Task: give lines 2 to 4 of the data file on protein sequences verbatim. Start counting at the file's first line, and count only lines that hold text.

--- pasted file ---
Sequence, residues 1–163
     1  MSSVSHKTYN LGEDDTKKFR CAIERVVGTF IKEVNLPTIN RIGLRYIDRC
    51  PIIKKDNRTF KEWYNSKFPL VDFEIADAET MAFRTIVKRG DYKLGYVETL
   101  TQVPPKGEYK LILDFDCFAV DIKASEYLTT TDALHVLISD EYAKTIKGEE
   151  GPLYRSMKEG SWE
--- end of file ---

     1  MSSVSHKTYN LGEDDTKKFR CAIERVVGTF IKEVNLPTIN RIGLRYIDRC
    51  PIIKKDNRTF KEWYNSKFPL VDFEIADAET MAFRTIVKRG DYKLGYVETL
   101  TQVPPKGEYK LILDFDCFAV DIKASEYLTT TDALHVLISD EYAKTIKGEE